In honor of Dr. Martin Luther King, we've been talking about diversity in science fiction/fantasy this week. Why is this so important? Here are five reasons:
1. To challenge the tropes. Stereotypes such as the passive damsel in distress subconsciously teach women that this type of behavior on their part is expected, even preferred. But why should women always be weak or men never show emotions? That's not healthy for either gender. Everyone, no matter what your gender, race, sexual orientation, physical abilities, or favorite Beatle is, should be allowed to be himself or herself and not confined to a narrow range of behaviors.
2. So other people can see themselves in the genre. Speculative fiction may not be the best-selling book genre, but it does do well at the movies. However, movies are often targeted to adolescent males. Why not broaden the appeal by including many different types of people in these stories? If you look at cosplaying, you'll see that some popular characters can be reimagined as a different character or race without losing their essence. (Unfortunately, not everyone believes a black cosplayer can/should dress as a white character; please check out the link. I was tempted to post some of Chaka's images here, but I won't to respect her copyright.)
3. To reflect the real world. By the middle of this century, whites/Caucasians are predicted to be a minority. Therefore, when I write about the future, I feel the need to show a diverse range of ethnic groups. For example, in Twinned Universes, Paul's best friend and romantic interest are both part black, the leader of the time travelers is Hispanic, Sean's wife and son are Filipino, Julia Kee from TwenCen Earth is Navajo, and so on. Although Paul as Sean's clone is 100% Irish, his sister is part Filipino and Native American, although those ancestors are several generations back and play more of a role psychologically than genetically. It is a bit ironic that I wound up with a white male as the main character, though Scott does counter tropes by referring to Paul as his magical white friend.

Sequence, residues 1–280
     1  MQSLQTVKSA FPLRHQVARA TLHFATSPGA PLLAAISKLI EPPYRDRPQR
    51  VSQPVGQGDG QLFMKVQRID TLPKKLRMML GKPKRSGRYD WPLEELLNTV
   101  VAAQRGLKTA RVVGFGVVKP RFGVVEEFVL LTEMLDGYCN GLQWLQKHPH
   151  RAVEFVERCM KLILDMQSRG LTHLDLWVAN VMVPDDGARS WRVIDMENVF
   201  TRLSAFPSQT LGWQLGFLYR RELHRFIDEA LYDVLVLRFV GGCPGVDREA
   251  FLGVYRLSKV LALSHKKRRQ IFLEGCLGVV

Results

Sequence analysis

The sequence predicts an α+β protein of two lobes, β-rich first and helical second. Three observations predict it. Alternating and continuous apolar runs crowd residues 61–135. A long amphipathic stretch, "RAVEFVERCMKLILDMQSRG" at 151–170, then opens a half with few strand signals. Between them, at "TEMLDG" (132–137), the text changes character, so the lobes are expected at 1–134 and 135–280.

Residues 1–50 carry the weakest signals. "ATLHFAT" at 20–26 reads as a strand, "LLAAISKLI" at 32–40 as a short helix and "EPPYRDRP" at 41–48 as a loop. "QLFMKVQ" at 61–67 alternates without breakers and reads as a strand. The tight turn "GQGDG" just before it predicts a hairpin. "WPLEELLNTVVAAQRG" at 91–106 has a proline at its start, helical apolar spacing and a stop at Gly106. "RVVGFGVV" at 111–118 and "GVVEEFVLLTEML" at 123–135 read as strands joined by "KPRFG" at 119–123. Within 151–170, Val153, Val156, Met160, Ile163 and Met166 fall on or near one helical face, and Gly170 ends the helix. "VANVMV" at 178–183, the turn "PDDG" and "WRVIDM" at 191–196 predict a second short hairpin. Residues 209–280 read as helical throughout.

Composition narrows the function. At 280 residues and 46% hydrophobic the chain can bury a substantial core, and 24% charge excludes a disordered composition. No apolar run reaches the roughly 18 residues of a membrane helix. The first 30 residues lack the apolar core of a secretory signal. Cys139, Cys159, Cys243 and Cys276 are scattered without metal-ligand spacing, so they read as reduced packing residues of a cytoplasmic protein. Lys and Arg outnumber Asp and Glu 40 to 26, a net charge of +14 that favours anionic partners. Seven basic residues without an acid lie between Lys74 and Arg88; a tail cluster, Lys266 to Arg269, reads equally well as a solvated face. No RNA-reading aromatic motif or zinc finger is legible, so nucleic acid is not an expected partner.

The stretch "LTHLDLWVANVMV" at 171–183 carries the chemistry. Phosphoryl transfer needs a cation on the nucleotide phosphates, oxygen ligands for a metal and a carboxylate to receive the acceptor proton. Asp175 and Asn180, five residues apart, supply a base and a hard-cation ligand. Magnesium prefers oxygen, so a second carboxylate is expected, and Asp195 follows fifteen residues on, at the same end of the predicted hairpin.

4. To learn about others. Although Paul is the main character of Twinned Universes,the next book in the series will feature Julia instead. I have been researching the Navajo culture and the Navajo Nation to prepare for writing from her perspective. (She would refer to herself as Dine, with an accent on the "e.") I've learned a lot, but it is a bit intimidating trying to learn about the Navajo language (which I'm not sure I can write accurately). It would be great if I knew someone I could interview about this culture, but you can't expect one person to represent an entire culture either. In the end, I will have to do the best I can with what resources I can access.
5. To develop empathy. I recently read The Golden Theme, which emphasizes that despite our diversity, we are all still the same in our wants and our needs. That's what makes us human, and that's what allows us to develop empathy for someone else. Reading is one of the best ways to immerse yourself in someone else's world. As authors and as readers, let's keep spreading empathy. I have a dream that that is one way to make Dr. Martin Luther King's Promised Land a reality.